As of this writing, there have been 15 confirmed Palestinian deaths at the hand of the Zionist Occupation Forces. Even as we mourn our martyrs, we remain steadfast in the support of our people in Gaza and the Great March of Return. We call on all of our youth in exile to express their support through actions of their own and by speaking truth to power through as many mediums as possible.

Most importantly, we recognize that 2018 marks the 70th anniversary of the Nakba, which means our people have endured 70 years of colonization, dispossession, and deprivation at the hands of a brutal settler regime. But it also means something else: 70 years of resistance. It means that, for 70 years, Zionist forces have tried--and failed--to eliminate us. Even as all of Palestine presently remains colonized and occupied, the persistence of our spirit in struggle will surely drive the total decolonization of our homeland forward. For what our people in Gaza have shown the rest of us and the world today is that, no matter how severe our dispossession, the Zionist entity will never be able to erase their/our presence, the rightfulness of our claim, and the inevitability of our return. On this Land Day, we affirm: our land and people will be free!



Resisting Zionism from Within


Growing up in Syracuse’s Jewish community, Zionism was heavily integrated into all of my Jewish education. We were made to feel we've been part of some magical, illusive place spiritually and physically since all of time, that it is our unquestionable homeland.  Any history lacked context that included Palestinians or the inception of the Jewish state. Education on the ‘conflict’ was limited to the narrative that it was ever-present, and that Israel attempts having dialogue and offers peace with Palestine but ultimately claims, “We just don’t know why Palestinians hate us.”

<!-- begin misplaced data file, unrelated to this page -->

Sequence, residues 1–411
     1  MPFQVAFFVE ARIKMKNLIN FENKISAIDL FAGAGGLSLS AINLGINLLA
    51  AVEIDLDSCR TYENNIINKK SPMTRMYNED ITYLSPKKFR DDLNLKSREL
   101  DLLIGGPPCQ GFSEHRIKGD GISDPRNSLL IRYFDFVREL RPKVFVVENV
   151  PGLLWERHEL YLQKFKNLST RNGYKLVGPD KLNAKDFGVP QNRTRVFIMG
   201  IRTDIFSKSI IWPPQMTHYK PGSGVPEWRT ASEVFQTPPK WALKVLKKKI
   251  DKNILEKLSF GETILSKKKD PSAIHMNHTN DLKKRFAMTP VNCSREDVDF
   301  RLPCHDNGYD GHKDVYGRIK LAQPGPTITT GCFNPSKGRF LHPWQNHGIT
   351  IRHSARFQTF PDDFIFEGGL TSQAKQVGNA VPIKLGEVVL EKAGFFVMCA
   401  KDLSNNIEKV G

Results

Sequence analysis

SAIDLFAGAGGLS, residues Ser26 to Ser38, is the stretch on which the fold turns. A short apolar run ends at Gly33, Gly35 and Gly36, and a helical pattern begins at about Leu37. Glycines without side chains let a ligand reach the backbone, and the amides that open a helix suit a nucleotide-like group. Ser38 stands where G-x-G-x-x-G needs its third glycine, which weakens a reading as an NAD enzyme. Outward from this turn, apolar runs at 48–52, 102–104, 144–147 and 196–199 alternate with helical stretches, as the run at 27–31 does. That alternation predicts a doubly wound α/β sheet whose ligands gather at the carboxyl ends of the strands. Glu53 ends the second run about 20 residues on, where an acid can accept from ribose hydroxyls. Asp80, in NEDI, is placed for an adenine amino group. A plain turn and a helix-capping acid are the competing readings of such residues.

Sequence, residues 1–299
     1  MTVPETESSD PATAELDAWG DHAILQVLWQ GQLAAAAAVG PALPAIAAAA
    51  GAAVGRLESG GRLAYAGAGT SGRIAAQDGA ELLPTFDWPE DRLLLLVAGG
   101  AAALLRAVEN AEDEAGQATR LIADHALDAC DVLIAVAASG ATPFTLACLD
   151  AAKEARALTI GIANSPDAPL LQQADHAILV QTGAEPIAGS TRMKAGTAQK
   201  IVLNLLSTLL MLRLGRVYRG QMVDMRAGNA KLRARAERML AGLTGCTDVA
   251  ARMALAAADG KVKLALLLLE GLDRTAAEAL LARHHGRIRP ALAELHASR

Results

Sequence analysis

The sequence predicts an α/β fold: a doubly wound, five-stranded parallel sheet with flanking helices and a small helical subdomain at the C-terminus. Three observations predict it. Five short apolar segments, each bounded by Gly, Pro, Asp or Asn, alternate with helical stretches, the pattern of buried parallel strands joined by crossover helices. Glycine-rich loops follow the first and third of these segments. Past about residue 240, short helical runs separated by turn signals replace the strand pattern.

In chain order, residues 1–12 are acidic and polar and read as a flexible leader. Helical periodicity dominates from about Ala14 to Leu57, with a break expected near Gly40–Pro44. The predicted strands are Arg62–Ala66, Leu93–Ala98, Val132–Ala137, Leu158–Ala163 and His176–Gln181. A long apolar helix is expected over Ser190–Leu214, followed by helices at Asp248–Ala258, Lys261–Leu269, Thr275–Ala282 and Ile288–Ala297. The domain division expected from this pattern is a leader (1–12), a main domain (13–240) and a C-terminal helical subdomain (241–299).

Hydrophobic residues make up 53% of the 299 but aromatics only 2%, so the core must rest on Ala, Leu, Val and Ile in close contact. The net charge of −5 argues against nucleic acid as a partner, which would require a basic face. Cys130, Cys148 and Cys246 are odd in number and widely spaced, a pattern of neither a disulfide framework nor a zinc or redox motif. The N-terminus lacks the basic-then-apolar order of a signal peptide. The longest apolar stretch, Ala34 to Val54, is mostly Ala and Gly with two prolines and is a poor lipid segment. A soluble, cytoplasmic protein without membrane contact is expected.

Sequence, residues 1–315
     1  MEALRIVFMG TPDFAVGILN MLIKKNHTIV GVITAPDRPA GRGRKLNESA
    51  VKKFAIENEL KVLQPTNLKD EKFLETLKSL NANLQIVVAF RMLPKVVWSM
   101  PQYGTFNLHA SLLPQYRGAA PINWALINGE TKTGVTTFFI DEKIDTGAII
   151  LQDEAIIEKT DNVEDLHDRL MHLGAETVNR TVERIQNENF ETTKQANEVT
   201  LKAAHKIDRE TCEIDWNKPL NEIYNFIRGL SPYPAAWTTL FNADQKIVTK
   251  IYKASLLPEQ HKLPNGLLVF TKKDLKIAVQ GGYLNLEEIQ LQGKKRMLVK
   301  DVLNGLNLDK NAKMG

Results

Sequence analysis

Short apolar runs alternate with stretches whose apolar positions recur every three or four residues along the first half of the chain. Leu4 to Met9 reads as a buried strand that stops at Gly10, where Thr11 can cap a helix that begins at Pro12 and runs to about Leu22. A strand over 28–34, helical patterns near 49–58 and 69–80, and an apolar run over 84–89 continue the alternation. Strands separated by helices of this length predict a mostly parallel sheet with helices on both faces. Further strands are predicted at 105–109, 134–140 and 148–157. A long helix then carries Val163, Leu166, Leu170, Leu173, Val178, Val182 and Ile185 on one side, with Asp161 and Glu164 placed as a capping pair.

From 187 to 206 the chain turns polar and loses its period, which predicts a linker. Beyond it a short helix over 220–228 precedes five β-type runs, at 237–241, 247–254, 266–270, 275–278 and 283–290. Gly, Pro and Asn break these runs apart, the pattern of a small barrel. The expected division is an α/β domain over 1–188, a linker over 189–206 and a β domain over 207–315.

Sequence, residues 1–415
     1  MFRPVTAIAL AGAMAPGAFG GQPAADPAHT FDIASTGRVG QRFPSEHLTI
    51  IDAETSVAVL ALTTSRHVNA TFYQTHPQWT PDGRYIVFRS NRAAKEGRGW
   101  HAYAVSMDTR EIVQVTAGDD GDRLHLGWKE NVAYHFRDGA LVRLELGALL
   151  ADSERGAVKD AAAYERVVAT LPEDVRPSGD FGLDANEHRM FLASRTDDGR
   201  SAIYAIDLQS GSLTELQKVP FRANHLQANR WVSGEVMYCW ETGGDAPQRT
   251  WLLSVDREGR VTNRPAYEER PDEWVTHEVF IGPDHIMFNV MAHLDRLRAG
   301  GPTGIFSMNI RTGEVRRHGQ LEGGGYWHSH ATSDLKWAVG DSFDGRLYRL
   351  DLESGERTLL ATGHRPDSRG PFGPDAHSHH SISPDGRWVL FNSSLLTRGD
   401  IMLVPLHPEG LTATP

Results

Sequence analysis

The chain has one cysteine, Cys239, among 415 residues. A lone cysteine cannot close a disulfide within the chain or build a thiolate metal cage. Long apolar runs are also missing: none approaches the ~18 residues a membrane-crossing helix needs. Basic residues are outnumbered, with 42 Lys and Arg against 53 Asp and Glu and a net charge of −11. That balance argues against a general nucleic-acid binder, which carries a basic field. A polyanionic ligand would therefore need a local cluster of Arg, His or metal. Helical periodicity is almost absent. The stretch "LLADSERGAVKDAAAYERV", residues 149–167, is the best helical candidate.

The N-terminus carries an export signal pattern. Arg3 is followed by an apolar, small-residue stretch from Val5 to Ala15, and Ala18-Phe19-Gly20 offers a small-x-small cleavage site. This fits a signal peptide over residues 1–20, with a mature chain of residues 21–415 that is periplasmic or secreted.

Self-criticism is also an integral part of Judaism. Wanting that accountability, which is so much a part of my culture, identity and morals, I began scrutinizing Israel at a young age. To my surprise, Israel was not open for debate. It wasn't until I culminated my Jewish education with the "trip to Israel", which most temple youth went on the summer after confirmation, that I witnessed inconsistencies in the Zionist narrative firsthand: Jews travelled on separate roads near the West Bank, we were told not to speak to or buy chickens from Arab children because the Israeli military could consider it 'aiding terrorism', and there was a bizarre silence around the topic of the conflict. I began to piece together the propaganda for young Jews to support a state that occupies another people with racist and apartheid policies. I knew there was not and could never be an excuse for such an occupation simply because we had suffered - no justification for the violent expulsion of people, expansion of settlements, obstruction of movement, and limitations on education, employment and housing for native Palestinians. Those weren't the values Judaism taught me.

Being part of an ethnicity perpetrating this violence and theft in its name gives Jews a unique responsibility to create awareness of the context of the state's creation and its effect on Palestinians, and advocate for acceptance of this reality within our community. Only then may we begin to end this occupation, repair the damage inflicted and honor indigenous sovereignty and self-determination. "The time has come to end our community's support for the occupation. We will be the generation to do it." – IfNotNow


Lisa Cohen is a member of Jewish Voice for Peace - Syracuse. Contact to learn more.